Pearl Diving in History

Here you will find various quotes relating to pearl diving from historical accounts.

There are numerous reports of much longer stays than in this account on a previous page; indeed, a study of the published evidence bearing upon the subject furnishes surprising results. Ribeiro wrote, in 1685, that a diver could remain below while two credos were repeated: “Il s’y tient l’espace de deux credo.” (1)

In his interesting account of pearl diving in the Ceylon fishery, Percival stated that the usual length of time for divers to remain under water “does not much exceed two minutes, yet there are instances known of divers who could remain four or five minutes, which was the case with a Caffre boy the last year I visited the fishery.

The longest instance ever known was of a diver who came from Anjango in 1797, and who absolutely remained under water pearl diving for a full six minutes.” (2) Le Beck says, that in 1797, he saw a diver from Karikal remain down pearl diving for the space of seven minutes. (3) The merchant traveler, Jean Chardin, reported in 1711 that the divers remain up to seven and a half minutes under water: “Les plongeurs qui pechent les perles sont quelquefois jusqu’a demi-quart-d’heure sous l’eau.” (4)

In 1667, the Royal Society of London addressed an inquiry on this subject to Sir Philiberto Vernatti, the British Resident at Batavia in the East Indies. Vernatti’s reply gave certain details regarding the Ceylon fishery, but did not touch upon the length of diving because, as he stated, he could not “meet with any one that could satisfy me, and being unsatisfied myself, I cannot nor will obtrude anything upon you which may hereafter prove fabulous; but shall still serve you with truth.” (5)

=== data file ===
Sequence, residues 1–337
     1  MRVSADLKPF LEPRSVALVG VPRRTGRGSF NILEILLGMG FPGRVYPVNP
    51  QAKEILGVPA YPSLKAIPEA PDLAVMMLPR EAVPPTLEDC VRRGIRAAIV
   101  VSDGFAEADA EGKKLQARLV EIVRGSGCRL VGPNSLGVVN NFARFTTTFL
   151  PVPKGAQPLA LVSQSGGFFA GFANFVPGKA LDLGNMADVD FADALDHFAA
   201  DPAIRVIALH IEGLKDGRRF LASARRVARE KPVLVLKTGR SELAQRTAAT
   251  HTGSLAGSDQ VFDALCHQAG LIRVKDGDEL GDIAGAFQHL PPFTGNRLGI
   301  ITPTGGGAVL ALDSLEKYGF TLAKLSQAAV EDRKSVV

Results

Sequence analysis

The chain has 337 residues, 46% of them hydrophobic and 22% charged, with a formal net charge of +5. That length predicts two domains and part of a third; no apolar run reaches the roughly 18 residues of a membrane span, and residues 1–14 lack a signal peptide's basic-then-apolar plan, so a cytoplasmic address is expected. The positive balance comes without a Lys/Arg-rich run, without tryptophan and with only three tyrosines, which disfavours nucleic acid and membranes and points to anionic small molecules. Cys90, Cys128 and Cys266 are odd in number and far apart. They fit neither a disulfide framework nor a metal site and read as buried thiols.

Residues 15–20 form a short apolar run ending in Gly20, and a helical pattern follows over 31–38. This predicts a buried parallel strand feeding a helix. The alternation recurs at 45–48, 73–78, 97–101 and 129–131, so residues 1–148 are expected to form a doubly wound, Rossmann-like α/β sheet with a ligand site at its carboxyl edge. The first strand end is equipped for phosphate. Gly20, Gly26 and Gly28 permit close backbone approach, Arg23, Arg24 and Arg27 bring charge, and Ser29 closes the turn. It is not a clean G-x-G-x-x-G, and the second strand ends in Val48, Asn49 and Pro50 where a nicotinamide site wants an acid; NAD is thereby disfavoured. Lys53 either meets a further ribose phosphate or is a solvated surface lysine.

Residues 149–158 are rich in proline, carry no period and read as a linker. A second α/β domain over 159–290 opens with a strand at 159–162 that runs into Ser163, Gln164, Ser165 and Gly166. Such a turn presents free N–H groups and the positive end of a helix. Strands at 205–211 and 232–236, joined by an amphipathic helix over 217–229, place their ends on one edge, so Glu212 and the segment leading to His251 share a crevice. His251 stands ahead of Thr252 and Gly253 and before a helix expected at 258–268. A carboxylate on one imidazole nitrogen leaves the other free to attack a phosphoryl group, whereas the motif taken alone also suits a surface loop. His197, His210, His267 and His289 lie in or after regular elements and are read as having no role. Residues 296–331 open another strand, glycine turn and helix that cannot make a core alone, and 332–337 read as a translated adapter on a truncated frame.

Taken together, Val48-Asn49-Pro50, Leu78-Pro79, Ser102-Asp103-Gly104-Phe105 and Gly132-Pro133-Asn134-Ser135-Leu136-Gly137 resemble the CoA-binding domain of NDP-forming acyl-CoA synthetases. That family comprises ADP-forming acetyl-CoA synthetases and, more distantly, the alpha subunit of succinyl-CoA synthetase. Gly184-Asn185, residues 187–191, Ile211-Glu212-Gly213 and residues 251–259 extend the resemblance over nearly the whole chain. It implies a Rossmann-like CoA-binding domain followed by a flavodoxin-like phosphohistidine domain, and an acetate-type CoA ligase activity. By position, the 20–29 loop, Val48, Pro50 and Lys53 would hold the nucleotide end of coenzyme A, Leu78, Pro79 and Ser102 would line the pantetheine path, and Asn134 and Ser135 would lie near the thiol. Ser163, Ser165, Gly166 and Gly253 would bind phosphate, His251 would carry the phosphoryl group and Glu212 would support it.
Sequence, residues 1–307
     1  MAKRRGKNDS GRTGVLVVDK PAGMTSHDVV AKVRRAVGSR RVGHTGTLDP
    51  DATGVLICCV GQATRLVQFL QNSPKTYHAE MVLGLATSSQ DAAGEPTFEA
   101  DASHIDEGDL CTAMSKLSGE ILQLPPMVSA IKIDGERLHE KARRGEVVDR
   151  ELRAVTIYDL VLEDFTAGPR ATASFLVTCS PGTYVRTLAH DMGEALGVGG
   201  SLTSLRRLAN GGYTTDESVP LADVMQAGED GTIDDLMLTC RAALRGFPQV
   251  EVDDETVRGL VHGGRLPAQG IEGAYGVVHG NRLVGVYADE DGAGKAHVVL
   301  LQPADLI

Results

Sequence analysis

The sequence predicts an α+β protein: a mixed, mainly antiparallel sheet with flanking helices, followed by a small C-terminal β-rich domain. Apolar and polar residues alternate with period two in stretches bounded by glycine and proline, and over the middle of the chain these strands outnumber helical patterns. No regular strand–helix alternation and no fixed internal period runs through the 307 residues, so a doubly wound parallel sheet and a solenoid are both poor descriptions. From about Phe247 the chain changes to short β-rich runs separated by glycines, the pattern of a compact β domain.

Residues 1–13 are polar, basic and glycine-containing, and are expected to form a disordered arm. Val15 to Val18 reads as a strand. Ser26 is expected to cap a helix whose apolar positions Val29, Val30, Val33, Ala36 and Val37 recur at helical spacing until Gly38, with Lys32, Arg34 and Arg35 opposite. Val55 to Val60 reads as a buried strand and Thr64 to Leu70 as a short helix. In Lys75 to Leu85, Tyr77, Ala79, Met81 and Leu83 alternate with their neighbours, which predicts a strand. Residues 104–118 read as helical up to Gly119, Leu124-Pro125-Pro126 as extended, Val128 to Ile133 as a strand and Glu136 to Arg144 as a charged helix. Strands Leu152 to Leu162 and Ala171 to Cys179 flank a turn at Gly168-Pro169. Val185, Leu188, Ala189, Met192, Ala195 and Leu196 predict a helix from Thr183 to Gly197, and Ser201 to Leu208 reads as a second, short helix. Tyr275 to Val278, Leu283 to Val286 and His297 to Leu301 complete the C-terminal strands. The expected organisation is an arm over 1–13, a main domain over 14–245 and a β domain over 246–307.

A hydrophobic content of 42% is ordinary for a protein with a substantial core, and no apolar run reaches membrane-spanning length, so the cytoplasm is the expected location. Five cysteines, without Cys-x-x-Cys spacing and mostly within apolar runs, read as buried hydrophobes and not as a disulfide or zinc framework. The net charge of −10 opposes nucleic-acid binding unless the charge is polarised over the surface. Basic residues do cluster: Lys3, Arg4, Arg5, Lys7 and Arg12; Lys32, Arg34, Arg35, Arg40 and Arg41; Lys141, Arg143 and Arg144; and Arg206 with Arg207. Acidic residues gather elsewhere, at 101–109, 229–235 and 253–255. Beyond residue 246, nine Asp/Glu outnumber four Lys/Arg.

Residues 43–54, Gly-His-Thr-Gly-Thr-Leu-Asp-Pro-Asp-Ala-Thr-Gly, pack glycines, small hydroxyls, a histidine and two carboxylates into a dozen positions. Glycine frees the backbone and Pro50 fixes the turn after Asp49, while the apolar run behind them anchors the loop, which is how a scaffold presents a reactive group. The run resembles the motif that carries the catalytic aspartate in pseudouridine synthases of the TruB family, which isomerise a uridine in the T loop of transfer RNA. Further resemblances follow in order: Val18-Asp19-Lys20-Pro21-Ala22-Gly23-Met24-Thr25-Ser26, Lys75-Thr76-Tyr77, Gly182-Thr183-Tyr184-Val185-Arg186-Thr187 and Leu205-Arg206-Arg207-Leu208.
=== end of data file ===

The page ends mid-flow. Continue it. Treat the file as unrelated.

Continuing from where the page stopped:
Two years later, and presumably after investigation , Vernatti reported: “The greatest length of time of pearl diving that pearl-divers in these parts can continue under water is about a quarter of an hour; and that by no other means than custom; for pearl-diving lasts not above six weeks, and the divers stay a great while longer at the end of the season than at the beginning.”(6) The anatomist Diemerbroeck relates(7) the case of the pearl diver who, under his own observation, remained half an hour at a time under water while pursuing his work; and this was seriously adopted without comment by John Mason Goode in his “Study of Medicine.”(8) Ibn Batuta, “the Doctor of Tangier,” wrote about 1336 that “some remain down an hour, others two hours, other less.”(9)

A still earlier writer, Jouchanan Ibn Masouiah, a christian physician who lived in the time of Khalif Wathek Billa, about 842 A.D. in his book on stones, states that “the diver, when he dives, places upon his nose a masfasa lest water should enter into him, and breathes through the fissure, and remains under water for half and hour.” According to Sebaldus Rau (10) this masfasa was an article resembling a hood or a cap, which the diver places over his nose. It was made of some impervious material and had a projection so long that its reached to the surface of the water.

The same writer believes that this object was alluded to by Aristotle (“De part. Animal,.” Lib II,c.16), where he likens the trunk of the elephant to the instrument used by certain divers for aiding their respiration, so that they could remain longer in the water and draw in air from above the surface.(11) And here we cease pursuit of further records, lest our faith in recorded testimony be too severely tested. (12)

A superficial inspection of the above evidence, from the one or two hours noted by Ibn Batuta about the year 1336, to half and hour of Diemerbroeck in 1672, the quarter of an hour of Vernatti in 1669, the seven and one half minutes of Chardin in 1711, the six minutes of Percival in 1803, to the 110 seconds of the present time, seems to indicate very clearly a gradual but somewhat remarkable decrease in the ability of Asiatic divers, and that the pearl fishermen of the present day are very different creatures from their ancestors.